HC Lee, MP Fellenz-Maloney, M Liscovitch and JK Blusztajn,
Proceedings of the National Academy of Sciences of the United States of America, Nov 1993 01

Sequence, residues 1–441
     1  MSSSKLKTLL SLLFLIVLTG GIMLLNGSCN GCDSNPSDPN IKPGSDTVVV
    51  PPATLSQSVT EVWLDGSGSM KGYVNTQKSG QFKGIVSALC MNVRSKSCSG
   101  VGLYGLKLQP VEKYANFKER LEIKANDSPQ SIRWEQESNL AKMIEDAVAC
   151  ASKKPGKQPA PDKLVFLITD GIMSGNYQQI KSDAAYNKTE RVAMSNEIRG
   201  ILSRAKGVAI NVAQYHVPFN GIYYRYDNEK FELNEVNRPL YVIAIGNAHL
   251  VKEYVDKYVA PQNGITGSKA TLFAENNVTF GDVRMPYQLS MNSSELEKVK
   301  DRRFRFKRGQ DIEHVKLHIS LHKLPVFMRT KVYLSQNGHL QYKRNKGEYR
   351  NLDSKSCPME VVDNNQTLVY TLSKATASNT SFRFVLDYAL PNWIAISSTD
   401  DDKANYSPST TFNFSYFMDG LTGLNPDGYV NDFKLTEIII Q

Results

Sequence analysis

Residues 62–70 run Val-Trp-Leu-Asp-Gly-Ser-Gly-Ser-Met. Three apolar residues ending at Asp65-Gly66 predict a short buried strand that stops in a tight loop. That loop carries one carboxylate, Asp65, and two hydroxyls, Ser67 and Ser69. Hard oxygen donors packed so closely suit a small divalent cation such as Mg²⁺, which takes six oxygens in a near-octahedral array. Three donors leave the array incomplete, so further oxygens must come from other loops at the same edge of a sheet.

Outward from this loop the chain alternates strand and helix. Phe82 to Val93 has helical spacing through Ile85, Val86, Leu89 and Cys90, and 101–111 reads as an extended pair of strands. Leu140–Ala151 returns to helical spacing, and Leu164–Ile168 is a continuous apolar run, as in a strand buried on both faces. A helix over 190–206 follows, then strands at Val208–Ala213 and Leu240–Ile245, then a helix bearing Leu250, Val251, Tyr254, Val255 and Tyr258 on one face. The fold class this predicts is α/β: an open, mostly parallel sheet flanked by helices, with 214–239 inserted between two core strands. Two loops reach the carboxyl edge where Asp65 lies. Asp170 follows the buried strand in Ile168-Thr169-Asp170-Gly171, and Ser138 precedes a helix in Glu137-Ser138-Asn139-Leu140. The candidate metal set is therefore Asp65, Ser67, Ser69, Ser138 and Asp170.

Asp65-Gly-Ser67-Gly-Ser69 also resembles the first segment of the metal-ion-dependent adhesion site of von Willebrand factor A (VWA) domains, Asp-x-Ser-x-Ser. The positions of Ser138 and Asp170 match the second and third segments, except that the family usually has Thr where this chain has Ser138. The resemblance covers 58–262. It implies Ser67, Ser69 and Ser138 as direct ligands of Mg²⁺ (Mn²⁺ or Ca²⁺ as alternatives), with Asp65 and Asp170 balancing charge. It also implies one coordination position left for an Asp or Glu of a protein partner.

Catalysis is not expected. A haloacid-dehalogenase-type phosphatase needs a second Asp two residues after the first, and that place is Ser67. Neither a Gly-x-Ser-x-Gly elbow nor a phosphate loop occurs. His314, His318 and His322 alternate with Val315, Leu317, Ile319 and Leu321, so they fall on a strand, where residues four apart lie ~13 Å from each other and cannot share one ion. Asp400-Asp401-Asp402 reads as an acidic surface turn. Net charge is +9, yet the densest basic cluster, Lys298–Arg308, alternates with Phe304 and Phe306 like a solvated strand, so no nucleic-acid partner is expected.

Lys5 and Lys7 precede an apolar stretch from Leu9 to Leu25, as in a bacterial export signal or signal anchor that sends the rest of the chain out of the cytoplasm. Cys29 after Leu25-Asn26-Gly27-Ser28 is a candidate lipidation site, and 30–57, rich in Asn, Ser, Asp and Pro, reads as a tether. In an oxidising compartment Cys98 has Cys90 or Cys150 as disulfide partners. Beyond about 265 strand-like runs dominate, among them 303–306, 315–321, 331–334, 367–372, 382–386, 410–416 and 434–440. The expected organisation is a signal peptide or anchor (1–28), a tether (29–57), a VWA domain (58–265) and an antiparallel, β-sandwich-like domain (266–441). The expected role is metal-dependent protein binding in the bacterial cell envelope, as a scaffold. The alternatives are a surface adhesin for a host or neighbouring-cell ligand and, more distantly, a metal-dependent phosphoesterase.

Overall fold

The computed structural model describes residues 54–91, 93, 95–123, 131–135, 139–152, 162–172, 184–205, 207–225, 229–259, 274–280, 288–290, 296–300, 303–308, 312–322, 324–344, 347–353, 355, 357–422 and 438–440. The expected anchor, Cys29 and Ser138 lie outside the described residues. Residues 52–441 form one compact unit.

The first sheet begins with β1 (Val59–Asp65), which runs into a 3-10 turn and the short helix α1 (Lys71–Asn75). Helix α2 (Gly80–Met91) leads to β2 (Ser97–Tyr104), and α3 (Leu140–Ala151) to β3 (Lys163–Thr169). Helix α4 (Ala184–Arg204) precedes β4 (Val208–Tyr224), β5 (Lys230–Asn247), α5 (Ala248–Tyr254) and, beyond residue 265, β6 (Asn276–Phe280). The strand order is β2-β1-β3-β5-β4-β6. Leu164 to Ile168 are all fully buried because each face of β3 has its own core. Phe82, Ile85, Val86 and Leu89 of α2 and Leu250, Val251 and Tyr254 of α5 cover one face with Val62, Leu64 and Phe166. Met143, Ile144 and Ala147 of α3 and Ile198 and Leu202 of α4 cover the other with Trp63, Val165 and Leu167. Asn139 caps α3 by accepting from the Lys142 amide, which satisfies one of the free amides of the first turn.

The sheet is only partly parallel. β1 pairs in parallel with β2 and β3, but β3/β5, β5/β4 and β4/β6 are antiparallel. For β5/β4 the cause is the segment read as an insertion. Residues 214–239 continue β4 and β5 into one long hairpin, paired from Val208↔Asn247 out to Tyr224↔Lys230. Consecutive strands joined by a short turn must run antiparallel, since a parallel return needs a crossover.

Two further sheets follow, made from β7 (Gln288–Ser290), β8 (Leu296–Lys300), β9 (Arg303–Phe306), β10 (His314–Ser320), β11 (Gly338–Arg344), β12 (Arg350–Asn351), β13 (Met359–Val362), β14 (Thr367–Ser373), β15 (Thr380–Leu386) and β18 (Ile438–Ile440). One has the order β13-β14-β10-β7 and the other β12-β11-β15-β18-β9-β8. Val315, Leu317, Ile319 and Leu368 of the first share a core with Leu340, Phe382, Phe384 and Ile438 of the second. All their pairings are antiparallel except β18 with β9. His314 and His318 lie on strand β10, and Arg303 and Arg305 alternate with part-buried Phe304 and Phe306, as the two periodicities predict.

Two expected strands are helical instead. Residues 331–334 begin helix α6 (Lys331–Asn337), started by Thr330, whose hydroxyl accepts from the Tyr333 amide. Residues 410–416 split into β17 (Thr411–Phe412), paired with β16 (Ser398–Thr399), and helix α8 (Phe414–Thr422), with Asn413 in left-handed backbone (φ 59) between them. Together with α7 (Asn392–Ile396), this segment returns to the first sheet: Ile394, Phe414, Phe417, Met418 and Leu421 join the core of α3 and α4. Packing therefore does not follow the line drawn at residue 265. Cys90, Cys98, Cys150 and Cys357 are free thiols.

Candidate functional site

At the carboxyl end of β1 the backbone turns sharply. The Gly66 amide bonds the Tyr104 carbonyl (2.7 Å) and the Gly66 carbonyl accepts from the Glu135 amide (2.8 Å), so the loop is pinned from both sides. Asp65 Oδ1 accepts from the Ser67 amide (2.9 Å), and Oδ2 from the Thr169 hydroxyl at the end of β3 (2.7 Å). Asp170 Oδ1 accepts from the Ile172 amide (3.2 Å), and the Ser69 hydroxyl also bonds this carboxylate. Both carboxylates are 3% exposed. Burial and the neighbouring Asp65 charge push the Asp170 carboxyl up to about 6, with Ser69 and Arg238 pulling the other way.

To identify the metabolic pathway that generates choline (Cho) for acetylcholine (AcCho) from its storage pool in membrane phosphatidylcholine (PtdCho), human neuronal cells (LA-N-2) were radioisotopically labeled with 1-O-hexadecyl-2-hydroxy-sn-glycero(3)phospho[14C]choline. The compound was efficiently taken up by the cells and metabolically labelled PtdCho, Cho, AcCho, and phosphocholine pools. In pulse-chase experiments, the specific radioactivities of the metabolites of 1-O-hexadecyl-2-hydroxy-sn-glycero(3)-phospho[14C]choline indicated that it was rapidly acylated to Ptd-Cho and then hydrolyzed first to free Cho and not to phosphocholine or glycerophosphocholine. This Cho was subsequently converted to AcCho and to phosphocholine. In the absence of exogenous Cho, at least 15% of the total cellular AcCho pool was synthesized by this pathway in 1 h. The data demonstrate that the liberation of the free Cho precursor for AcCho synthesis from PtdCho can be accomplished in a one-step process, indicating the involvement of a phospholipase D-type enzyme. In the presence of hemicholinium-3, which inhibits Cho transport, the amount of intracellular [14C]Cho metabolites that accumulated during the chase period was higher than in control cells, indicating that PtdCho hydrolysis liberated Cho directly into the cytoplasm. These data show that cholinergic cells are characterized by an intracellular pathway, catalyzed by a phospholipase D, that generates Cho for AcCho synthesis from PtdCho. Abnormalities in the regulation of this pathway may contribute to selective vulnerability of cholinergic neurons in certain neurodegenerative diseases, e.g., Alzheimer disease.